The second language for many people from the Baltics is Russian, particularly for older people that went to school during the Soviet occupation. In some cities, particularly those closer to the Russian border, the main language will actually be Russian rather than the Baltic equivalent.

There is a higher Russian population in Latvia and Estonia than in Lithuania and you are more likely to hear Russian being spoken in these two countries than in Lithuania, with the possible exception of the Curonian Spit, which shares a border with Russia and therefore receives a fair amount of Russian tourism.

If you do speak Russian and want to use it to communicate in the Baltics, it is worth knowing that some people might prefer that you speak English to them first. Baltic people from all three countries are very proud of their national identity and don’t necessarily want to be associated with Russia today — including in language.

Younger people and those living in the capital cities will be more likely to be able to speak some English while German will also be common in some parts of the Baltic states.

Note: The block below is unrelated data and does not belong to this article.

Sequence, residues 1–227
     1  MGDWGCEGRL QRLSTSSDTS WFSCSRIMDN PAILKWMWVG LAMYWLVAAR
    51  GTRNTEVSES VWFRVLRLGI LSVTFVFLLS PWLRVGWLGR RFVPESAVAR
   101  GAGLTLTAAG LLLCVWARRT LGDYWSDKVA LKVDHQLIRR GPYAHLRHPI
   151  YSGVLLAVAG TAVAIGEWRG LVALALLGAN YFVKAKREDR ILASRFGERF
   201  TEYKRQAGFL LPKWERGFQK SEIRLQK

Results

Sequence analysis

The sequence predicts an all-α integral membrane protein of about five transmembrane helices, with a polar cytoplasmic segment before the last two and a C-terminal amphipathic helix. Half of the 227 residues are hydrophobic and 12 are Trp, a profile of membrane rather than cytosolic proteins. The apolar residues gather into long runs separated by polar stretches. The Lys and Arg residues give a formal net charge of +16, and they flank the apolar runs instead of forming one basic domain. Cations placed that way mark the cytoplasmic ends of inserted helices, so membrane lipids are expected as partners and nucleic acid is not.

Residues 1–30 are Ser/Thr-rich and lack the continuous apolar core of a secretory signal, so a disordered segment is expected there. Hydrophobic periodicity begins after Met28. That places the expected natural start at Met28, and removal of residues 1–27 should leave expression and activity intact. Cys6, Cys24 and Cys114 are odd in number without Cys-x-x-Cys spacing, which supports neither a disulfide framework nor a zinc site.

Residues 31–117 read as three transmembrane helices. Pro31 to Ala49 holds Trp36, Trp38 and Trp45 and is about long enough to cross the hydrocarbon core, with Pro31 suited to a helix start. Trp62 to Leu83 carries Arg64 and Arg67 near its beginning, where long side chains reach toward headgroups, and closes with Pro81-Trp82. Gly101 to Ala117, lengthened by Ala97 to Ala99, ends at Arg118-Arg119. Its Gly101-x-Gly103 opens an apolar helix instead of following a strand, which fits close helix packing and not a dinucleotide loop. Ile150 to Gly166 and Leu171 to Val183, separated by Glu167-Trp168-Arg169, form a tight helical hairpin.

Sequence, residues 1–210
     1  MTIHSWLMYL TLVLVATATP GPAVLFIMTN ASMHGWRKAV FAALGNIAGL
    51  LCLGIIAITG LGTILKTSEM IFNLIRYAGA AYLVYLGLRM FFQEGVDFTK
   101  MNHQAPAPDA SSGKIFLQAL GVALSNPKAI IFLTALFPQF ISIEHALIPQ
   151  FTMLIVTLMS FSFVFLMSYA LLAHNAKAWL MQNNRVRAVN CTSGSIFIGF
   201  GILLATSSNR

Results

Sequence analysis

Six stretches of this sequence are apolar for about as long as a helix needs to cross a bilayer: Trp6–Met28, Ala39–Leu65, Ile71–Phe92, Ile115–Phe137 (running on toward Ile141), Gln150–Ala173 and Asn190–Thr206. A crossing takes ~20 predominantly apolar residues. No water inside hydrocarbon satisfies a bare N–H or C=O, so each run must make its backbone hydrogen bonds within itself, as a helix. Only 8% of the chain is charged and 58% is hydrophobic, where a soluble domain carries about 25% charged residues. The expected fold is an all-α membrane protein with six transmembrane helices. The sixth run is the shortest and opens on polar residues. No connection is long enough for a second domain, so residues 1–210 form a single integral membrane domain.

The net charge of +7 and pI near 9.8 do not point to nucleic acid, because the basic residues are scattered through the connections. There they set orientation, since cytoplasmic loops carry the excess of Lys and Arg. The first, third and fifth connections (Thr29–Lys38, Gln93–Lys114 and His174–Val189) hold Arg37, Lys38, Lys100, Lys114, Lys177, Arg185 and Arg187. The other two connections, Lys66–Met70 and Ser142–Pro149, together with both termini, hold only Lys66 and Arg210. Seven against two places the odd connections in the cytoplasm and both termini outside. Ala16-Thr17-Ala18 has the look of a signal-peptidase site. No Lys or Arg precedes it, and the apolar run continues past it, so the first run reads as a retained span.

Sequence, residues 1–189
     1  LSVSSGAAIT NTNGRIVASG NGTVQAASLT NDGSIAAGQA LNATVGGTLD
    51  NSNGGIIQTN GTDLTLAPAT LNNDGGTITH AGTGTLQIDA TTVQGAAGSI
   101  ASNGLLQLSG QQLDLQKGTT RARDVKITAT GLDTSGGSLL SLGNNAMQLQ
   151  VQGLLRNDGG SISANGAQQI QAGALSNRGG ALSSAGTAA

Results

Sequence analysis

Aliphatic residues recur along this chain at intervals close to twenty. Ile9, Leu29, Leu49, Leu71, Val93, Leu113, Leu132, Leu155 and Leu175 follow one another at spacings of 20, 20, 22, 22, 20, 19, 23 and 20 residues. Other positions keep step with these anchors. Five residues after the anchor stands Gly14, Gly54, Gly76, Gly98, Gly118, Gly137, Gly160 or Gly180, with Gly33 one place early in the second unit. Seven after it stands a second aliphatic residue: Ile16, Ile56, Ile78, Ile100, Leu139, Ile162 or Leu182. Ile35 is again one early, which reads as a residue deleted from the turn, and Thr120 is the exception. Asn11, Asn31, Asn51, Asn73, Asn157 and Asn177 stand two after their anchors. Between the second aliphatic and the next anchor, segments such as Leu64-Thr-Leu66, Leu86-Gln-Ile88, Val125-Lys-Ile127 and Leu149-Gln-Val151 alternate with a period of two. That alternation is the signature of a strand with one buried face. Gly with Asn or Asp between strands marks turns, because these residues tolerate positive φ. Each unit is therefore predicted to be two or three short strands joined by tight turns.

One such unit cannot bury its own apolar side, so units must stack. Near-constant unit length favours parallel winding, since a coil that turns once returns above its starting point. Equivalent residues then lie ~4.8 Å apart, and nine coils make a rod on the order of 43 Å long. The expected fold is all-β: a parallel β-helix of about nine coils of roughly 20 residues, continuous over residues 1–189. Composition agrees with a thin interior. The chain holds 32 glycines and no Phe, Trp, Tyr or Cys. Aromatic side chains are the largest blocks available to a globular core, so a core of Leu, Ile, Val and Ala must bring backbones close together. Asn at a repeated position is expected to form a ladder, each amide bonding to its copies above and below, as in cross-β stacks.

Lithuania's Curonian Spit
Lithuania’s Curonian Spit

Religion in the Baltics

Though the general public and governments of the Baltic nations are largely secular, religion is a very important topic to discuss as there is a lot of diversity in the region.

The majority of people from the Baltic states subscribe to a particular form of Christianity. In Lithuania, the majority of people are Catholic, in Latvia, there is a more diverse mix of Lutherans, Catholics and Orthodox Christians while Estonia is predominately a mix of Lutherans and Orthodox Christians.

Many younger people, in particular, don’t see religion as a significant part of their lives. As an example, Estonia has one of the largest per capita populations of people who don’t believe in God.

Baltic Travel Itinerary
The Alexander Nevsky Cathedral in Tallinn, Estonia

Travelling through the Baltics is a wonderful, rewarding experience that is sure to delight all those who try it. There is so much to see, do and experience that you’re certain to be astounded by just how much these small countries have to offer.

From dynamic cities to white sand beaches to medieval castles, the Baltics can encapsulate a quintessential European experience with a fraction of the tourist crowds of Western European destinations.